Inferno

2016-12-09 08:44
 

What it's about:

The third film in the Robert Langdon series, Landon wakes up in a hospital in France with no memories of what he's doing there or how he got there. It's not long, however, before he and the doctor treating him find themselves on the run for their lives from the followers of an eccentric billionaire who believes that the only way he can save the world from overpopulation is by wiping out most of humanity.

What we thought:

Ron Howard's adaptation of Dan Brown's the Da Vinci Code was rightly criticised for being a laboriously boring and badly lit conspiracy thriller but, by the sheer force of the madness of the conspiracy at the centre of the film, I couldn't help but have a bit of a soft spot for it. I have real trouble believing damn near any conspiracy I've ever heard but I tend to find they make for good fiction; the more far out the better, of course.

Following that, we had Ron Howard once again taking a swing at one of Brown's airplane reads, Angels and Demons, and without so impressively nutty a conspiracy at the centre of it, it had to rely on actual filmmaking to pack any sort of punch. Fortunately, Howard lightened his touch and greatly upped the sheer daftness of what was going on on-screen, resulting in a totally rubbish, monumentally stupid and actually kind of fun popcorn flick whose action-hero-priest-laden final act has to be seen to be believed. 

Here was are, once more, with Ron doing Dan to absurdly stupid results but unlike the Da Vinci Code it has no nutso conspiracy to drive it forward and unlike Angels and Demons, it seems to be much less self-aware of its own rubbishness - which was really the only saving grace of its immediate predecessor. Sadly, there's just nothing whatsoever to recommend about Inferno beyond some nice, hellish imagery -  that actually ultimately doesn't really have all that much to do with the story anyway.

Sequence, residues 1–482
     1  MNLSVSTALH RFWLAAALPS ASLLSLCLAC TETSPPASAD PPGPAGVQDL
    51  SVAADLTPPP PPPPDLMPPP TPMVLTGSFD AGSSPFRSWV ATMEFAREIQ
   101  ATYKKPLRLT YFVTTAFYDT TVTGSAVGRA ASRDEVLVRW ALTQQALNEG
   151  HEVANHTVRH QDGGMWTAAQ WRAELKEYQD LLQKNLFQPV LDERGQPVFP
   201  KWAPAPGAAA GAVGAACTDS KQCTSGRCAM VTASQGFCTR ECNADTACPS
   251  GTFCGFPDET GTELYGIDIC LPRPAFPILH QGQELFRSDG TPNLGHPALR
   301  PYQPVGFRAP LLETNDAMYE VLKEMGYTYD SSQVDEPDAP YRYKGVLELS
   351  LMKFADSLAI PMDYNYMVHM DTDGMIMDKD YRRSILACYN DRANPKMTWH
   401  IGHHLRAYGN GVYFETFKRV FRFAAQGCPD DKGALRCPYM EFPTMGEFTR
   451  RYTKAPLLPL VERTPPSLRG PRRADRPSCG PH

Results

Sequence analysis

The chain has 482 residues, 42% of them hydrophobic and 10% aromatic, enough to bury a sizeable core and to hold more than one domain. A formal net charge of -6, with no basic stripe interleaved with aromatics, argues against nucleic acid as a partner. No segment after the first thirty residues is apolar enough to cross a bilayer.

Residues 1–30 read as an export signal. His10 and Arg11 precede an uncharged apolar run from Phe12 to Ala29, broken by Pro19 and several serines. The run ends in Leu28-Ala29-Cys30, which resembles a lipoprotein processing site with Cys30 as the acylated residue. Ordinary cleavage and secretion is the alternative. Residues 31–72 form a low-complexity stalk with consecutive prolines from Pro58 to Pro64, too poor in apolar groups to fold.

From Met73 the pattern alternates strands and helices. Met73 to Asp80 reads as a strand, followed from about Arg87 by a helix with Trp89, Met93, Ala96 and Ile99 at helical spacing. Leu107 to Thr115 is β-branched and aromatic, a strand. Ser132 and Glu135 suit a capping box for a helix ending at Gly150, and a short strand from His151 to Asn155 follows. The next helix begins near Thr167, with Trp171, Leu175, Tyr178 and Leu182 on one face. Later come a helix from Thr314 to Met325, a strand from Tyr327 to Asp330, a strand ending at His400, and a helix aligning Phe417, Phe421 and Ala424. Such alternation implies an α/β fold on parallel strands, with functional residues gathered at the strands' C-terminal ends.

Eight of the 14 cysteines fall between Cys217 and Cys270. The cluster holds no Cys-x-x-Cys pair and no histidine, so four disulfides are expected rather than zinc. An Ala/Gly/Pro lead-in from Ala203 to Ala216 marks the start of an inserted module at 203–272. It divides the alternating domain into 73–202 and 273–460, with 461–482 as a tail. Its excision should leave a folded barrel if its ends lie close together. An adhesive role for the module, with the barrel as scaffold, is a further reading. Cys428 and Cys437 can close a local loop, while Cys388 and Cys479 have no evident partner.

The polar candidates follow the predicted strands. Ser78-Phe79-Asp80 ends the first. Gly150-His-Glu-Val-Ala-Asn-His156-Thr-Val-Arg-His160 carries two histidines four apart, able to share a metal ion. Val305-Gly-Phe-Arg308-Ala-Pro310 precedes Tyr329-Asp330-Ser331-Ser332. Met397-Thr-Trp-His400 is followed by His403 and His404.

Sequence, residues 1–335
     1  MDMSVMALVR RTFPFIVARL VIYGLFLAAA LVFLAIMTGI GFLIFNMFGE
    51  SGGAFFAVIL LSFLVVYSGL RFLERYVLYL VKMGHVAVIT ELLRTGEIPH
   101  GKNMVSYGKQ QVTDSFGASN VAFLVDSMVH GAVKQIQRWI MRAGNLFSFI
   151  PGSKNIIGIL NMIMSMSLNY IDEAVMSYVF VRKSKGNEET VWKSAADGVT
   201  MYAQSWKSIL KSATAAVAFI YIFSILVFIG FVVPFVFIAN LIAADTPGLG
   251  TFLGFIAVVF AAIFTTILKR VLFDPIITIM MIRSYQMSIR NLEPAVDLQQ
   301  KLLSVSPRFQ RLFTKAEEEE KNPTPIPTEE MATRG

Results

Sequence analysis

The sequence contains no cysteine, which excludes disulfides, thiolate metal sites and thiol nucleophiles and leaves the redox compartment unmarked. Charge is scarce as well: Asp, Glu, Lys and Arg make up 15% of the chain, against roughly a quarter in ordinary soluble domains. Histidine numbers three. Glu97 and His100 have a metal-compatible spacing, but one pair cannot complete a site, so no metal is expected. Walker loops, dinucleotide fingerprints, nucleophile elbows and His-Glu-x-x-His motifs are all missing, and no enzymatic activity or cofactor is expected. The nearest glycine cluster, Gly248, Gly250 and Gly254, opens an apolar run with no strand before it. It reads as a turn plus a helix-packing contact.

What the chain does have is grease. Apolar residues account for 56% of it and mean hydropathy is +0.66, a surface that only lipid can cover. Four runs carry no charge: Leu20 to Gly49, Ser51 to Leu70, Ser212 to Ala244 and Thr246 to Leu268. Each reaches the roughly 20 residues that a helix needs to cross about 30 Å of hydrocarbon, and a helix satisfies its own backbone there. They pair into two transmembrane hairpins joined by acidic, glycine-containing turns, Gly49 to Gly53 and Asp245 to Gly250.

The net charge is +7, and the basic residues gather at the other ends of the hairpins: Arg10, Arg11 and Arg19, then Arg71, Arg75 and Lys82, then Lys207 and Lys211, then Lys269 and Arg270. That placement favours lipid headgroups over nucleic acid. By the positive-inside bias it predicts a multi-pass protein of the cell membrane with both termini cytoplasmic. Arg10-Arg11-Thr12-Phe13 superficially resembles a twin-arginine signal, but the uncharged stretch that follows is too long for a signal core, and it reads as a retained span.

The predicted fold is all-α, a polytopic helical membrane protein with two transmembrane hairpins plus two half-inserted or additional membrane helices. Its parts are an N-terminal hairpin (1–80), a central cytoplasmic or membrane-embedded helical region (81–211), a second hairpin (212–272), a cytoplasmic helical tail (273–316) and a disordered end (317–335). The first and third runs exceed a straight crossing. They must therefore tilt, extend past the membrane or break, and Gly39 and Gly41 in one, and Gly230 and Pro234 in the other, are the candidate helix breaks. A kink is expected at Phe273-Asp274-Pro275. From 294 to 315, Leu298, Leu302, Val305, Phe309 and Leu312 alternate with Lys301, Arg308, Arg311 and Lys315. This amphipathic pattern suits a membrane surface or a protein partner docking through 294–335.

The entirety of its interminable runtime is given over to switching between utterly unthrilling chase scenes and loads and loads of really boring exposition where a bored Tom Hanks tries to explain the plot to a similarly uninterested Felicity Jones and, inevitably, the audience. It all leads up to the most uninteresting showdown since Batman V Superman and the promise that they might actually make another one of these godawful movies. Fortunately, the box office takings so far suggest that that might actually not be the case.

The real question here isn't so much why these films are bad (beyond the central hook of the first film, it doesn't take a rocket scientist to figure that one out) but why such talented people have anything to do with it. 

Tom Hanks is a national treasure whose usually terrific in whatever project he does – most of which of late have been pretty solid – but Langdon is such a nothing of a character that even all of Hanks' considerable charm can't breathe life into one of the most boring academic-action heroes in cinema history. Indiana Jones – and, yes, there are definitely some unfortunate echoes of the ludicrously enjoyable Indiana Jones and the Last Crusade here - he most definitely isn't.  

And then there's Felicity Jones. From her brilliant turn in the recent Stephen Hawking biopic, the Theory of Everything, to playing the lead in the next Star Wars movie, Rogue One, (which, in a perfect case of ingenious timing, comes out next week), I simply have no earthly idea what she's doing in this g-grade turkey. And, by the general lack of commitment to this unbelievably thankless role, clearly neither does she.

Ifran Kahn, like Ian McKellen before him, is the only person in the whole case who looks like he's having fun at all with his small role here but hes not in it enough to help things along at all. 

As for Ron Howard, here's a guy who has always been rather spotty but has put out some excellent films over the past thirty years. Indeed, at the same time this comes out, his Beatles documentary, Eights Days a Week: The Touring Years is out on DVD/ BluRay and it's pretty damn wonderful. His work in Inferno, though, is the very definition of flat, uninvolving and uninspired. David Koepp's witless script is bad enough but Howard's lifeless direction does nothing to elevate it.

Boring, stupid, uninspired and wasteful of plenty of real talent, Inferno does at least live up to its name – in that you'll want to set it alight right after you've seen it.



Read more on:    tom hanks  |  felicity jones  |  ben foster  |  movies  |  inferno

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